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U.S. Drone Policy Not Transparent Or Accessible

U.S. Drone Policy Not Transparent Or Accessible

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By Homeland 411

WASHINGTON—Current U.S. drone policy is less transparent and less accessible under the Trump administration, said panelists at a Stimson Center forum June 7. The event was focused on the release of the Stimson Center report An Action Plan on U.S. Drone Policy: Recommendations for the Trump Administration.

Rachel Stohl, managing director of the Stimson Center, called the report a cornerstone of Stimson’s work. The research team’s main purpose was to find out if Trump administration drone policies were transparent and legitimate.

“In short, the Trump administration’s drone policy appears to be less restrained, less transparent, and less accountable,” Stohl said, noting several changes from past administrations’ programs.

According to Stohl, the drone policies have changed by the tempo of strikes, the geographical location of where strikes occurred, and the amount of authority required to use drones against terrorist suspects in non-war zones. The CIA also has a greater role in conducting drone strikes.

Dan Mahanty, program director for the Center for Civilians in Conflict , said using drones as a first resort for force can have dangerous consequences.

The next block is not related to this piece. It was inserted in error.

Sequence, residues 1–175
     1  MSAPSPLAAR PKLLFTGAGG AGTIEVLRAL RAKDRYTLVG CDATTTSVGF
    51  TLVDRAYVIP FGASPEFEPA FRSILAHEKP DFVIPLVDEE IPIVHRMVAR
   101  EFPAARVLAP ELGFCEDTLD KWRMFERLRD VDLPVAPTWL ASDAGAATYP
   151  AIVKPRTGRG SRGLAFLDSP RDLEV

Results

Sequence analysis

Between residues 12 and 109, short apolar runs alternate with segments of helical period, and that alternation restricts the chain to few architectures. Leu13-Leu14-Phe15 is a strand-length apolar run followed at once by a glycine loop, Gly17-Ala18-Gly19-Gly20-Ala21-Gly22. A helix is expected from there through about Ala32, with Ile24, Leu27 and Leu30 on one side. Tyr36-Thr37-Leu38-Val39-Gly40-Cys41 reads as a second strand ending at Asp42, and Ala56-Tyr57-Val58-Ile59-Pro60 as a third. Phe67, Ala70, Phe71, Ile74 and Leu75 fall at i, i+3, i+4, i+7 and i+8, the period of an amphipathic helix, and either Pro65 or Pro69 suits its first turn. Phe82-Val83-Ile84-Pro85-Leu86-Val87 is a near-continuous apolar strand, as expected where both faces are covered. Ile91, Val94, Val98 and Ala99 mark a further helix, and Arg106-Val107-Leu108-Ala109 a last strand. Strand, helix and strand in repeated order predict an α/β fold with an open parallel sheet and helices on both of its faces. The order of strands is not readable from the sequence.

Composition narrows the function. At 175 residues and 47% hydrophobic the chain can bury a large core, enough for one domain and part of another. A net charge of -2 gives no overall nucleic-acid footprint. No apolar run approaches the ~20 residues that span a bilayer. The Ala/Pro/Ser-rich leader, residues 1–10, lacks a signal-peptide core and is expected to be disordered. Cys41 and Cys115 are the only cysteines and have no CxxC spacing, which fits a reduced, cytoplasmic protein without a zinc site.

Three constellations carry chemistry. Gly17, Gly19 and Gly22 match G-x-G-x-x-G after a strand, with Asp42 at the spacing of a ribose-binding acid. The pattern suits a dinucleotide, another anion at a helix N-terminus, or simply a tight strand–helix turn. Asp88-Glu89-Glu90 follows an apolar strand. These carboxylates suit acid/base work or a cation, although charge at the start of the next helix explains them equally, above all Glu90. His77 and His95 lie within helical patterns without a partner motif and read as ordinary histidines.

“In the use of force, I think there is a potential risk of escalation in conflict in places where it may not have occurred before, or where it could have been tempered,” Mahanty said. “That’s something that shouldn’t be overlooked when the first thing you’ve got available to you is a lethal option.”

Additionally, Stohl described the lack of accessible information as a barrier to the team’s research. Moreover, there’s a question as to whether policymakers, congress, and the general public have proper access to drone statistics.

Jeff Smith, senior counsel at Arnold & Porter, national and homeland security law practice, explained that the reason for drone secrecy has much more to do with foreign governments not wanting to release drone information, which is something Washington can’t fix. But Smith’s hope is that the Trump administration will recognize that it is in the country’s best interest to be as transparent as possible.

Stohl’s final point addressed the degradation of the U.S. monopoly on drone manufacturing and exports. She said the United States has lost control of technology development, as most drone exports include only hardware.

Read the full article at Homeland 411.

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